Roger may have been the ‘Rye’ (whose first name is missing) admitted to Lincoln’s Inn in the early years of the century. At that stage in his career he established friendly relations with a fellow lawyer, Richard Baynard* of Messing (the future Speaker), to whom he offered his services as a trustee of substantial estates in Essex and property in London, between 1403 and 1422.5 However, his clientele was mainly drawn from the gentry of Kent. Thus, he acted in 1410 as a feoffee of property belonging to Thomas Brockhill* for the completion of its sale to John Darell*; and similarly appeared on behalf of Richard Clitheroe I* in 1415 and for Robert Clifford* in 1418.6 He had also been employed as legal counsel by the city of Canterbury in 1410, in a dispute between the civic authorities and St. Augustine’s monastery; and from then on until his death the citizens retained him with an annual fee of £2 and a furred robe. Perhaps most important, in the context of Rye’s election to Parliament in 1417, was his employment by the archbishop of Canterbury. Shortly after Henry Chichele’s translation to the primatial see, Rye was appointed as his bailiff of Wingham, and this was to be followed, albeit at an unknown date, by promotion to the stewardship of the archbishop’s liberty. Such was the influence which his post as steward gave him, that his detractor, Roger Massy, asserted that no redress was to be had against him in the common lawcourts in Kent, he being such an ‘oppressor et meigntenor et ad tiel affinite parmy le pays’. In the years 1417-19 Rye acted as a trustee of various properties in the county with which, eventually, Archbishop Chichele was to endow All Souls college, Oxford; and he was often recorded in attendance on the archbishop, sometimes in his palace at Canterbury, and on other occasions in his mansion at Lambeth. Whether or not this connexion had an influence on the Kent electors, Rye was apparently only returned to Parliament the one time. He is known to have twice attended the parliamentary elections held at Rochester—in 1407 and 1419.7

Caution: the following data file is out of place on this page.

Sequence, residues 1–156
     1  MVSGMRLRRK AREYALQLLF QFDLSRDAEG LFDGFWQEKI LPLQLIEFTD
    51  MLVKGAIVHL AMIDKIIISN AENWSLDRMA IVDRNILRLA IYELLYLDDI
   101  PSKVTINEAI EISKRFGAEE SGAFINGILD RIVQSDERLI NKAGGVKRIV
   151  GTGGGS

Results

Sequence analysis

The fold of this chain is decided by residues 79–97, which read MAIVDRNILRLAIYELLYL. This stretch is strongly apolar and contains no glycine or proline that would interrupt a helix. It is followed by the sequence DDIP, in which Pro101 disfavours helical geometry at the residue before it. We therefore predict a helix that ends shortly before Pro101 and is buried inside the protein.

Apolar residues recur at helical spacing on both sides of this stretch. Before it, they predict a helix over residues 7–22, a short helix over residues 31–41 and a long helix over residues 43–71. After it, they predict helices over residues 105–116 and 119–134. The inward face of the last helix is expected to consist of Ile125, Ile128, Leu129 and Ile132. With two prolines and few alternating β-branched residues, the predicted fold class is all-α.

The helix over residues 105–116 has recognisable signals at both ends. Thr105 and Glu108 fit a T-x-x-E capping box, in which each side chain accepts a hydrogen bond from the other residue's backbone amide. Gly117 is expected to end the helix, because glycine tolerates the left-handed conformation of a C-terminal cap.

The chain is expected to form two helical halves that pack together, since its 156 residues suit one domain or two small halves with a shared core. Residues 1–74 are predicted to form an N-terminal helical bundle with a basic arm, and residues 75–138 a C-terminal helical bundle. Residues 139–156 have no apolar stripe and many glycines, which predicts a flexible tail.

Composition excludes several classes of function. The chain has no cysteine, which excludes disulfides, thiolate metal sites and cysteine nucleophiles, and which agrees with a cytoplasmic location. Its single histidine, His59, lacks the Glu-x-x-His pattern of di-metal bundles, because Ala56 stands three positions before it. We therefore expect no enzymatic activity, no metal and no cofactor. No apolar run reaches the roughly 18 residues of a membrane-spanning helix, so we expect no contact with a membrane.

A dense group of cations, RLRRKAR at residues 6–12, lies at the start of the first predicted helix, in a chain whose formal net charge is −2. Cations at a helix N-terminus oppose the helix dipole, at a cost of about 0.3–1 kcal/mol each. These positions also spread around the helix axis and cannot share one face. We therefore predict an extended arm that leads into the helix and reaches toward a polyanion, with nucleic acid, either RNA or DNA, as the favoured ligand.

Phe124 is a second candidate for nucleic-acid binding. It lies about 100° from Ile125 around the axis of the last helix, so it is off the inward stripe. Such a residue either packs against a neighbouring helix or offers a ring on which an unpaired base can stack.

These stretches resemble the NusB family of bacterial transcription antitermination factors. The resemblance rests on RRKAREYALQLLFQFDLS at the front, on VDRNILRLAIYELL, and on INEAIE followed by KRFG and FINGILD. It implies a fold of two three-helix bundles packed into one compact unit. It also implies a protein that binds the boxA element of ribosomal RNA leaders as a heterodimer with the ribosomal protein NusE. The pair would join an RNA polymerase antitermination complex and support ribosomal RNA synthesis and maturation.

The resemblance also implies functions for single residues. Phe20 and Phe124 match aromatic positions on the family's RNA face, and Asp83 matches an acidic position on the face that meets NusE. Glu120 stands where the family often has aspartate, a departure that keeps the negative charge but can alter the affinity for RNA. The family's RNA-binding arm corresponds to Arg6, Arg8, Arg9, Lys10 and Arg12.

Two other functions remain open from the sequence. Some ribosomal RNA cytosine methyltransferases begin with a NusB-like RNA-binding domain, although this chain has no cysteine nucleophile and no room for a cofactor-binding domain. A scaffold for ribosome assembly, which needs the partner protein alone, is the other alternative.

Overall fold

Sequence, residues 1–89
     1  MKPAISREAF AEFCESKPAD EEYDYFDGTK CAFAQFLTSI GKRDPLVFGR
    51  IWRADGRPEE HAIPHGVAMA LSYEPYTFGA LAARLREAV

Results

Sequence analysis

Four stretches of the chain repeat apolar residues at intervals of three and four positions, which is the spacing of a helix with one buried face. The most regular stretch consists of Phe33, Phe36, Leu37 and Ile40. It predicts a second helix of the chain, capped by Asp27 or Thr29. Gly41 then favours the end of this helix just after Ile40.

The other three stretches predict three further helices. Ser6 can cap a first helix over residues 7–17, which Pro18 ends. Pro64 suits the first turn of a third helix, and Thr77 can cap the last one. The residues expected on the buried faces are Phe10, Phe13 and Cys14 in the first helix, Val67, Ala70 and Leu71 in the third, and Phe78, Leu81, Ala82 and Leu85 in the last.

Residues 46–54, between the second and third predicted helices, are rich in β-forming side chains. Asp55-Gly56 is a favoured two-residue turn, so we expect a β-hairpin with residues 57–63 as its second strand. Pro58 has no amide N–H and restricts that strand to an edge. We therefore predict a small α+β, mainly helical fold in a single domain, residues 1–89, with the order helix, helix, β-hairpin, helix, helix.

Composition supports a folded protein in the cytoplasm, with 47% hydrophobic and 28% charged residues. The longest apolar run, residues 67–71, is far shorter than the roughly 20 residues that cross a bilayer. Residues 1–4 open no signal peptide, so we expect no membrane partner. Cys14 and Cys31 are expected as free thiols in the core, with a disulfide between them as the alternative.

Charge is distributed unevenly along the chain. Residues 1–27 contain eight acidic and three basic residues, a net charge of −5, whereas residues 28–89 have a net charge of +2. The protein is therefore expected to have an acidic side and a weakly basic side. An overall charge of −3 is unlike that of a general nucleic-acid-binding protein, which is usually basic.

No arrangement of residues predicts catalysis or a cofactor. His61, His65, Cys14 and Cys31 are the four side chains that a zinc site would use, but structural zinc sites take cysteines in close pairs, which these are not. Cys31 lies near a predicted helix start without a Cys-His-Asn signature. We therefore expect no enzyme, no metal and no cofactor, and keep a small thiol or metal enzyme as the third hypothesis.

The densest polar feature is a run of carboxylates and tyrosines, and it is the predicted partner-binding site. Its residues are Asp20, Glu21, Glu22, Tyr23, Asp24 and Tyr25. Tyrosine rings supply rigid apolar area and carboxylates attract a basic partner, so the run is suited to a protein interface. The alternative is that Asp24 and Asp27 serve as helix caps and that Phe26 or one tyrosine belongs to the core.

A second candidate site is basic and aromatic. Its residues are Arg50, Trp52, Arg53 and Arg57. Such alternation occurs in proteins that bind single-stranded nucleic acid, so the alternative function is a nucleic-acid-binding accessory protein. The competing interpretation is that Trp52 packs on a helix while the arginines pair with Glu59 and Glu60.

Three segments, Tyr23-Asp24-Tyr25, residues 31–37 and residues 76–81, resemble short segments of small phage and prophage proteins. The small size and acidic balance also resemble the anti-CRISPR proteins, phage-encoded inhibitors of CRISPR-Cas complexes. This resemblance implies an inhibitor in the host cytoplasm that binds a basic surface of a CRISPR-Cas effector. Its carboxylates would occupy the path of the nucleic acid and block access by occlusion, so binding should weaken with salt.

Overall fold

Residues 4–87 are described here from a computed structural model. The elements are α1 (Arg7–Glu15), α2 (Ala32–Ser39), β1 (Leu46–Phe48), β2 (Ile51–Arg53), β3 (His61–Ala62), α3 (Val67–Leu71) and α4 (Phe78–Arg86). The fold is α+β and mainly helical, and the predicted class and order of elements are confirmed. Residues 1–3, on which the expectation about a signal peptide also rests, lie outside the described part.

Rye was admitted to the fraternity of Christ Church cathedral priory, Canterbury, on 19 May 1425. In his will, made on 21 Sept. following, he asked to be buried wheresoever it pleased the Holy Trinity; but his bequests especially favoured the parish churches of All Saints, Canterbury, and Stalisfield (including 20 marks towards building the latter’s nave), and he left instructions that a bowl was to be made into a chalice, ornamented with his shield of arms, for presentation to the church at Charing. The sum of £16 13s.4d.was set aside to pay for 2,000 masses to be said within a month of his death, for the welfare of his own soul and the souls of his parents and Seman Tonge. Each of his godsons bearing his name was to receive £1. Rye died before 2 Dec., the date of probate.8 He seems to have been unfortunate in his choice of executors, for two lawsuits were subsequently brought against them in Chancery. His predecessor as steward of the archiepiscopal liberty alleged that they had neglected to pay him £49 still owing from when Rye had first taken over the post; and Rye’s widow, fearing that his soul was in peril as a result of the executors’ failings, claimed that they had refused both to hand over to her the sum of 100 marks to fulfil his testamentary provisions and to pay her a debt of £20. The widow also had to resort to petitioning the chancellor for redress when Rye’s feoffees declined not only to grant her seisin of certain lands in Stalisfield, but also to assign her an annual rent of 20 marks. Left elderly and impoverished, she survived him by seven years or more.9

Ref Volumes: 1386-1421

Author: L. S. Woodger


Variants: Reye, Rie, Rys.

  • 1. Reg. Chichele, iv. 5; C1/5/38; CCR, 1419-22, p. 173.
  • 2. DKR, xliv. 632.
  • 3. CPR, 1391-6, p. 127; CCR, 1409-13, p. 353; CP25(1)112/269/384, 113/280/49; C1/5/38.
  • 4. CCR, 1405-9, pp. 113, 394; 1413-19, p. 358; Reg. Chichele, ii. 13-14, 29; CP25(1)113/283/114; C1/5/38.
  • 5. CCR, 1402-5, p. 295; 1405-9, p. 276; 1419-22, pp. 223-4; Corporation of London RO, hr 141/94; LI Adm. i. 3.
  • 6. Add. Ch. 16372; CCR, 1441-7, pp. 141-2; CP25(1)113/289/254.
  • 7. HMC 9th Rep. pt. I, 138; Canterbury Cathedral City and Diocesan RO, Canterbury accts. FA1, ff. 102d-73d; Cat. Archs. All Souls Coll. ed. Martin, 48; C1/5/38; Reg. Chichele, iii. 160; iv. 204, 209; C219/10/4, 12/3.
  • 8. BL Arundel, 68, f. 62; Reg. Chichele, ii. 323.
  • 9. C1/7/58-59, 11/315, 69/310.